Health of Employees: Is it Company Business?


Most companies provide employees health insurance and some offer additional wellness programs, but is employee health any of their business?


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In the corporate world, employees have come to expect their employers to sponsor health insurance coverage.

According to the American Benefits Council, 177 million people rely on employer-sponsored coverage, and they want that to continue.

Furthermore, employer review site Glassdoor found in 2015 that 79 percent of employees would choose new benefits over a raise. The most popular benefit was health care, which 40 percent chose, with 37 percent choosing paid time off.

While employer-sponsored health insurance is a valuable talent attraction and retention tool, is the health of employees really the business of companies?

“Maybe it’s a point in time when employers need to say enough is enough,” said Laurence Kotlikoff, professor of economics at Boston University and a research associate at National Bureau of Economic Research. “This is not our job. It’s not our business to be managing health insurance.”

Kotlikoff says the government should handle health care coverage instead of private businesses. Employers would be happy to not deal with health insurance management and headaches; they would rather focus on the company’s products and performance. With a good system where people have incentives to get checkups and use preventative care, they would more healthy, he said. Instead, people today avoid checkups because of the high co-pays and other out-of-pocket costs. Thus, the current system does not deliver healthy workers, according to Kotlikoff.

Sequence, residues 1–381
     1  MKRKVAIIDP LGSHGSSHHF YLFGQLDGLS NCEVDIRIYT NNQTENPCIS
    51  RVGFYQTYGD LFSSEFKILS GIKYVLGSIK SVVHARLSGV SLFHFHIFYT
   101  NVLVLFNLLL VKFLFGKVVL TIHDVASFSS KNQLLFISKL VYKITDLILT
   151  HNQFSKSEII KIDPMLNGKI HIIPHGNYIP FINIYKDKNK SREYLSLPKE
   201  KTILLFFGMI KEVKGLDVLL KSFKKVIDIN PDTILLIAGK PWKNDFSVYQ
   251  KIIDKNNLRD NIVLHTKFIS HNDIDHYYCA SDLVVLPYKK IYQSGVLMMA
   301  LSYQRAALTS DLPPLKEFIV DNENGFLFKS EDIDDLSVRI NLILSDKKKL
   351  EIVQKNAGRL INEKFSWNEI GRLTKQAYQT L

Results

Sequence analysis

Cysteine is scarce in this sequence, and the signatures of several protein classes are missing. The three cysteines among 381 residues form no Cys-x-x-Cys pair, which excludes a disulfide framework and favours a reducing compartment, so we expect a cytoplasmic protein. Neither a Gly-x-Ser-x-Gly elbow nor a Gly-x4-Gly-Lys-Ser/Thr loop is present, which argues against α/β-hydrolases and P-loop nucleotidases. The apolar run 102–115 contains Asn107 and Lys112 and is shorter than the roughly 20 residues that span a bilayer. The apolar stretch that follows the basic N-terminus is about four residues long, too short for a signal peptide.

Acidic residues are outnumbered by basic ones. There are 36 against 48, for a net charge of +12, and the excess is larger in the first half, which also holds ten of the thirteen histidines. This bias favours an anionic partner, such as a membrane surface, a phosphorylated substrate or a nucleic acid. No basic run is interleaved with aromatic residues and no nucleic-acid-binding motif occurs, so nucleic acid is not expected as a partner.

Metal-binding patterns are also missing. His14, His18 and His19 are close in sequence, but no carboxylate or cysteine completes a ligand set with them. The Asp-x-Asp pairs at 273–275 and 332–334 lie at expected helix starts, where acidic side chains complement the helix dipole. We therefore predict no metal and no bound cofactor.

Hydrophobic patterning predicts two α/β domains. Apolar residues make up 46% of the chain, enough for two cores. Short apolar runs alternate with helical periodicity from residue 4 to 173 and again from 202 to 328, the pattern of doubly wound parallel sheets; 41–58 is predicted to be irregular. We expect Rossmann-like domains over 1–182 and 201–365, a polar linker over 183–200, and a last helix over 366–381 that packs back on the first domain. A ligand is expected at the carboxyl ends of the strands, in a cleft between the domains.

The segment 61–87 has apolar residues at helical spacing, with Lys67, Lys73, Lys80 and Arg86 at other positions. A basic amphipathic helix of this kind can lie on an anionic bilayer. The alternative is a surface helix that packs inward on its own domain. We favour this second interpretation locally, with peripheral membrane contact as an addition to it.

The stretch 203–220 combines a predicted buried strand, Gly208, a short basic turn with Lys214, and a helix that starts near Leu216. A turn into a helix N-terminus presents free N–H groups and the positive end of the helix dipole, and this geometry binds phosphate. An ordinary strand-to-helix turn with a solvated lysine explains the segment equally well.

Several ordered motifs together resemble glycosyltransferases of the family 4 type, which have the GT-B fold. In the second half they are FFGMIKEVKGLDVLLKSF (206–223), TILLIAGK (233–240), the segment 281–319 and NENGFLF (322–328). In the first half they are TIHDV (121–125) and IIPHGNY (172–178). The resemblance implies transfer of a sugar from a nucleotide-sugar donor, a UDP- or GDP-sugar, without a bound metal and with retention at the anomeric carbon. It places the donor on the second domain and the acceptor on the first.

The question of why health insurance is tied to employment is a valid question, said LuAnn Heinen, a vice president of workforce well-being, productivity and human capital at the National Business Group on Health, a Washington, D.C.-based member group of employers and health industry partners aiming to improve health. However, the arrangement works very well for those who have it, and it’s an effective talent retention tool.

“There’s a direct tie to your benefit offering and having motivated, engaged talent,” said Deb Smolensky, vice president of well-being and engagement at NFP Corp., an insurance broker and consultancy based in New York City. Health insurance coverage is a benefit critical to what employees expect in their compensation package, she said. This likely will not disappear soon.

Well-Being at Work

Beyond health insurance, companies tend to offer wellness plans that can include smoking cessation, weight management, in-office physicians and more informal programs to keep employees in good physical shape. Workplace wellness programs gained popularity in the past 15 years, mostly focusing on physical health, said NBGH’s Heinen. However, the past five years have given rise to a more holistic approach of “well-being,” which includes physical health, as well as emotional health, social connection, financial security and job satisfaction.